MacLochlainns Weblog

Michael McLaughlin's Technical Blog

Site Admin

Cassandra Query Language

without comments

After installing Cassandra and reading Cassandra The Definitive Guide, it struck me that I should learn a bit more about the Cassandra Query Language (CQL). So, after I setup a single-node environment and created a .bashcassandra environment file to connect as a student user to the Cassandra instance:

# Add the Java and JRE paths to the $PATH environments.
export set PATH=$PATH:/usr/lib/jvm/java-1.8.0-openjdk-1.8.0.45.x86_64:/usr/lib/jvm/java-1.8.0-openjdk-1.8.0.45.x86_64/jre
 
# Add the $JAVA_HOME and $JRE_HOME environment variables.
export set JAVA_HOME=/usr/lib/jvm/java-1.8.0-openjdk-1.8.0.45.x86_64/
export set JRE_HOME=/usr

Having started Cassandra as the cassandra user, I connected to the Cassandra Query Language Shell (cqlsh) to learn how to write CQL. You can find the basic structure of the Cassandra Query Language (CQL) on the Apache Cassandra website. I also discovered that CQL by itself can’t let you join tables without using Apache SparkSQL. Apache SparkSQL adds the ability to perform CQL joins in Cassandra, and became available in 2015.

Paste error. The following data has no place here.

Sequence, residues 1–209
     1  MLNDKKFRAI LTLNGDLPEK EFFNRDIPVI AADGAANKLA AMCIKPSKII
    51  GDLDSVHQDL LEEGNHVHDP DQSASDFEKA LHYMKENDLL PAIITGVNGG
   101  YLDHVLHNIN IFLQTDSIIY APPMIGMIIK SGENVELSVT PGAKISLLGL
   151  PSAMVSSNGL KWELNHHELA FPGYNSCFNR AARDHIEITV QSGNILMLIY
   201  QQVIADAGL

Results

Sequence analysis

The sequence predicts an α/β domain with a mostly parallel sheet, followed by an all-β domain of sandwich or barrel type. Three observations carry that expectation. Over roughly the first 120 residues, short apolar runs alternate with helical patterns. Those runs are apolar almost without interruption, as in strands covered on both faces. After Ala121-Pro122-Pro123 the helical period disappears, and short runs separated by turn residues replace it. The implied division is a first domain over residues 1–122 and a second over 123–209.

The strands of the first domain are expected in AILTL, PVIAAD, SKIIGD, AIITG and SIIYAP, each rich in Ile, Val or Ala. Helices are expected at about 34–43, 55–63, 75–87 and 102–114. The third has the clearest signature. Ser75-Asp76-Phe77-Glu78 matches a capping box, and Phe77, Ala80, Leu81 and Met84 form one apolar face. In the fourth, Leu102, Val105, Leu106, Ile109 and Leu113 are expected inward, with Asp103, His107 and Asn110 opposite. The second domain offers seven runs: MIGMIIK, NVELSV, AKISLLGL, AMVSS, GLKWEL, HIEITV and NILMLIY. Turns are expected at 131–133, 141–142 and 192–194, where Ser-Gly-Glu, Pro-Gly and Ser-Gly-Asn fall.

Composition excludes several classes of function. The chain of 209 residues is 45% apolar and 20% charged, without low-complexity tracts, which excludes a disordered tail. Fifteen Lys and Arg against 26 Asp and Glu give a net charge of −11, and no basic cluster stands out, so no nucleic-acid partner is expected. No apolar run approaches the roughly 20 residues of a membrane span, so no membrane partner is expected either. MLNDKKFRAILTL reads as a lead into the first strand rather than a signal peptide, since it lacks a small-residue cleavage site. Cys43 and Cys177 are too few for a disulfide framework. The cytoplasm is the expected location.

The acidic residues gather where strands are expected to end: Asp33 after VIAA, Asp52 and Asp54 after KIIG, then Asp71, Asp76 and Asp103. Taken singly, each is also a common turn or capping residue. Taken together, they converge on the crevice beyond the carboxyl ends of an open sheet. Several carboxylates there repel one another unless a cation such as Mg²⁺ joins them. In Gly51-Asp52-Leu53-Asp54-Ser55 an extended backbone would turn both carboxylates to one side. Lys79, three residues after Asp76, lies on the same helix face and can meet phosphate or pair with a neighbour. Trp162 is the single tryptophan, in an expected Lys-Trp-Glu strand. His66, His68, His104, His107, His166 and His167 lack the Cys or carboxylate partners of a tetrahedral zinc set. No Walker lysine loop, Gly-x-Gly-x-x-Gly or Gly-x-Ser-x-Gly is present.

I also learned you can’t use a CREATE OR REPLACE command when you change certain aspects of User-Defined Functions (UDFs). You actually need to drop any UDF before you change RETURNS NULL ON NULL INPUT clause to a CALLED ON NULL INPUT clause or vice versa. You can’t embed Java that connects to database without using the cassandra-java-driver-2.0.2 driver.

You connect to the cqlsh like this:

cqlsh

Here’s my script that creates Cassandra keyspace, which is more or less a database. You use the USE command to connect to the keyspace or database, like you would in MySQL. You do not have sequences in Cassandra because they’re not a good fit for a distributed architecture. Cassandra does not support a native procedural extension like relational databases. You must create User-defined functions (UDFs) by embedding the logic in Java.